There is a formal process to be followed at an employment tribunal, with one party asked to present their case before the other and closing statements made before the hearing concludes.
Case presentation and cross-examination
The judge will decide who presents their side of the case first. This will depend on the nature of the case; employees often go first in discrimination cases and employers usually start proceedings in unfair dismissal cases.
That’s because it’s for the employee to prove that they’ve been discriminated against but for the employer to prove that they dismissed the employee for a fair reason.
If you go first you will be asked questions (in other words, cross-examined) about your witness statement by your employer or their representative.
Questions may also be asked by the tribunal judge throughout the proceedings.
How to behave when you’re being cross-examined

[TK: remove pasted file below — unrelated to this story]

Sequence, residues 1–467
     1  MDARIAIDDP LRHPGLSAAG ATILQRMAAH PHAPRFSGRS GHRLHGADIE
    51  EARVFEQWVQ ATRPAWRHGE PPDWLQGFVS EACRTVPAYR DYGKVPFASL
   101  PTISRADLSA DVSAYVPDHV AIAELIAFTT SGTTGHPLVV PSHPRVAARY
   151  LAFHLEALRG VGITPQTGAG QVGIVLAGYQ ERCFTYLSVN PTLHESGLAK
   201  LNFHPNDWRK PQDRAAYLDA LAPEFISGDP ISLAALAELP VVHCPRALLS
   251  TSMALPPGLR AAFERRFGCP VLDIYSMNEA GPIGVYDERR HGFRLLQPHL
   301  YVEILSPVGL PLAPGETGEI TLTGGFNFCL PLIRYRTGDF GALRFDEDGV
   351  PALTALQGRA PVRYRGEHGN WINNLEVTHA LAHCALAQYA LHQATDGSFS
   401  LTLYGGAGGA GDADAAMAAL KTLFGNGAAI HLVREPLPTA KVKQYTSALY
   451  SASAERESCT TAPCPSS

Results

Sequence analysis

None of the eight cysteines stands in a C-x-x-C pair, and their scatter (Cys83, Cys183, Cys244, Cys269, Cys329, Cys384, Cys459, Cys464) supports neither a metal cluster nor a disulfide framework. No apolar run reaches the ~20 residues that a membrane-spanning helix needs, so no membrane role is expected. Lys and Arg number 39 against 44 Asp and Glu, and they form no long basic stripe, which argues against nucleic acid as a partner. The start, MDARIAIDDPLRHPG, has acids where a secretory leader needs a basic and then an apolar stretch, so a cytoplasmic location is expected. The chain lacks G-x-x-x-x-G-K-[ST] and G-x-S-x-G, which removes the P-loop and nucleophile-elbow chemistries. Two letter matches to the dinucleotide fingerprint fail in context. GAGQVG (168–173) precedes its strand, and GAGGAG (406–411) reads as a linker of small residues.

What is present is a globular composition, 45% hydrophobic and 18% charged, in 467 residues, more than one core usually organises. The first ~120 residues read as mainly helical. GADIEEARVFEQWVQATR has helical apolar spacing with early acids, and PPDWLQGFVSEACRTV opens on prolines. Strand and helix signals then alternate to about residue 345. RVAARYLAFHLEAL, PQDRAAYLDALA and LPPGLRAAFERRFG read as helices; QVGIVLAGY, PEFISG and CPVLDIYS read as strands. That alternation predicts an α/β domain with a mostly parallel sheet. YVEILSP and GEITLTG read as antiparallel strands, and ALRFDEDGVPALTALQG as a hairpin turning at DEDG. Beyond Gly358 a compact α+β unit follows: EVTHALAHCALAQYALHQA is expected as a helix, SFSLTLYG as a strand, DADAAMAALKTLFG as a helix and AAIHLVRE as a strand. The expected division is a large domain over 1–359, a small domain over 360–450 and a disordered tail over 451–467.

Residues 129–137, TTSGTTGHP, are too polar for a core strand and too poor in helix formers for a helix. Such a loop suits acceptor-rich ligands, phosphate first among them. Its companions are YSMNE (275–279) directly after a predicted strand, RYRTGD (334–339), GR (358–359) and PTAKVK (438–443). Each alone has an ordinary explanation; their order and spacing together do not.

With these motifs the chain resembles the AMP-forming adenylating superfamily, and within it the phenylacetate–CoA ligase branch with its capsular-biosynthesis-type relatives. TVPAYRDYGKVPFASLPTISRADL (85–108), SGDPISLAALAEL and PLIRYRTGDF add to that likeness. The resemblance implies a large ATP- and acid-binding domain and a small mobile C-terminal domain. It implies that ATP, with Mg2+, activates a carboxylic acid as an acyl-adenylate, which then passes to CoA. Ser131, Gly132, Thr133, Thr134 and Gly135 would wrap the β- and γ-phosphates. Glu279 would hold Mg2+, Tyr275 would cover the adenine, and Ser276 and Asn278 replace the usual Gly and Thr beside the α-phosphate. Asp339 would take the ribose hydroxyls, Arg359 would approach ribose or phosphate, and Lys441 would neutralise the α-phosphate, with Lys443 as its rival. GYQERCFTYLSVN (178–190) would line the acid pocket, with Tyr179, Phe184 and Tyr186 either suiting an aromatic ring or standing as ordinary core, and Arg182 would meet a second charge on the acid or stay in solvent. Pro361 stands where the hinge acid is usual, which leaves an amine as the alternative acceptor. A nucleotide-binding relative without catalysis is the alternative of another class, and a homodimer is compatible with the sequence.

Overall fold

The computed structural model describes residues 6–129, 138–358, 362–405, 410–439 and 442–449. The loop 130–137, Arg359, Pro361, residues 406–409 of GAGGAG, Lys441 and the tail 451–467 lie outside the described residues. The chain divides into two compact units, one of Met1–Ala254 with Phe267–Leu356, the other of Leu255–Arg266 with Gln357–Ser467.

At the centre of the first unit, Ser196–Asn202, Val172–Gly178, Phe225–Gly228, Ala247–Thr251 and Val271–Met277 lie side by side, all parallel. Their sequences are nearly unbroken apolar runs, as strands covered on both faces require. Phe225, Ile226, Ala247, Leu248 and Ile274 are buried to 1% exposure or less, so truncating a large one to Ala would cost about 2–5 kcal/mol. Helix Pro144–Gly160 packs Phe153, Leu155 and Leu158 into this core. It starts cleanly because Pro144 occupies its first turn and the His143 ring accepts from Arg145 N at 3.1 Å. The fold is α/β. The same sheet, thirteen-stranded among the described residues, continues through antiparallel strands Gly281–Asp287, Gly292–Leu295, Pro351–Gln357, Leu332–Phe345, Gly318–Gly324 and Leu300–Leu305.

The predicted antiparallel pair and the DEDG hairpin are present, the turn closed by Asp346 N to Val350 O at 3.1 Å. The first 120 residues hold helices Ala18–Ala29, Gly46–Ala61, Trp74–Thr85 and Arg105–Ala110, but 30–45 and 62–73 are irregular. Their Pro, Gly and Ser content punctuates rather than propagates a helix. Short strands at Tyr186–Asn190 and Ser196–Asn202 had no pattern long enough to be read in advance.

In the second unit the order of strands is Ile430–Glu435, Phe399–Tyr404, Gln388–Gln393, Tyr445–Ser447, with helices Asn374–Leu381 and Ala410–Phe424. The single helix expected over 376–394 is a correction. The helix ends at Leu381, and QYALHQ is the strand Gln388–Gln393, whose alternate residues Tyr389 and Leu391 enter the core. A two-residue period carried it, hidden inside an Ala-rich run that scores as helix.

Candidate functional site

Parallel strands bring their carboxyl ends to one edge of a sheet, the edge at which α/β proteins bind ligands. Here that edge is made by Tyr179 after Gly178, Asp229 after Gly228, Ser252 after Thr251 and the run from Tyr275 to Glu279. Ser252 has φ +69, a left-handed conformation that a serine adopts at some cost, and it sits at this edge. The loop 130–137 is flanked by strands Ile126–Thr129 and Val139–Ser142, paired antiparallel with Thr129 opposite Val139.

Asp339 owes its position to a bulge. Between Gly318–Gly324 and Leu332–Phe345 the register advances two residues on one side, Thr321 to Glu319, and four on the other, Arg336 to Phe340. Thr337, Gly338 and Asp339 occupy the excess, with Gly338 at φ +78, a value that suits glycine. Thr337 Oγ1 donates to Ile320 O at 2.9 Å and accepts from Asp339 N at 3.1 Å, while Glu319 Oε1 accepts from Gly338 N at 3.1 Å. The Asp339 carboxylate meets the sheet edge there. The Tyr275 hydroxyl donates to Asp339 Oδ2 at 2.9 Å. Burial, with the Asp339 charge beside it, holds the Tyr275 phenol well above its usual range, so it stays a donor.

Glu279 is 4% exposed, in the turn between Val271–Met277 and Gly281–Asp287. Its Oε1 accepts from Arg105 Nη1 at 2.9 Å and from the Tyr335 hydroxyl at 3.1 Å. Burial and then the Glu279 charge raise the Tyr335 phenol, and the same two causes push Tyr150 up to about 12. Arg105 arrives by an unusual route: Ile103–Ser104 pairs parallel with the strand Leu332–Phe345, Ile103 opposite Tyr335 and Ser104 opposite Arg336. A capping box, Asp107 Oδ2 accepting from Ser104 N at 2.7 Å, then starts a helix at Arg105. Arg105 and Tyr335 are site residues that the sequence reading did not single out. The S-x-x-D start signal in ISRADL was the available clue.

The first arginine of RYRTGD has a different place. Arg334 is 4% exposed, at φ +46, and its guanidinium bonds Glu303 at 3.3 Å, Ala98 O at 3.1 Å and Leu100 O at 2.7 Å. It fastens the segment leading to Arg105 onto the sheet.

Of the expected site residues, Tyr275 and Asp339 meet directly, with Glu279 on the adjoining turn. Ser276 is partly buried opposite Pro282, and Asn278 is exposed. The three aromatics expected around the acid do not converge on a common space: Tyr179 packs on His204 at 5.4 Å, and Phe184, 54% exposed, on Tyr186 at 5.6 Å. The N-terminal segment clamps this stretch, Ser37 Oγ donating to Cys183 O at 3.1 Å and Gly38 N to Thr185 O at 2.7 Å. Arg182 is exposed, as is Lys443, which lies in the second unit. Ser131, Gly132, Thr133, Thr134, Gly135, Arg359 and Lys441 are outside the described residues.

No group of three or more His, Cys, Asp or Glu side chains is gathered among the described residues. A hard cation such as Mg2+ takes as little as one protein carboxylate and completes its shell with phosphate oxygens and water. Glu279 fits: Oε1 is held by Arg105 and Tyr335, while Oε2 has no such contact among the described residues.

- Answer the questions as honestly as possible and if you are unsure about any of the questions ask for them to be repeated or re-phrased, so you can respond properly.
- While your representative may object to any questions they feel are improper, you must generally answer the questions put to you without assistance.
- Try to remain calm as it can be a very pressurised situation as the questions will be framed to provoke answers that help prove that your case is wrong.
- It is normal for the opposing side’s legal representation to try to intimidate you so as to influence how you answer questions. However, if you feel they are being too aggressive and you feel really uncomfortable with your treatment you can speak to the judge about it.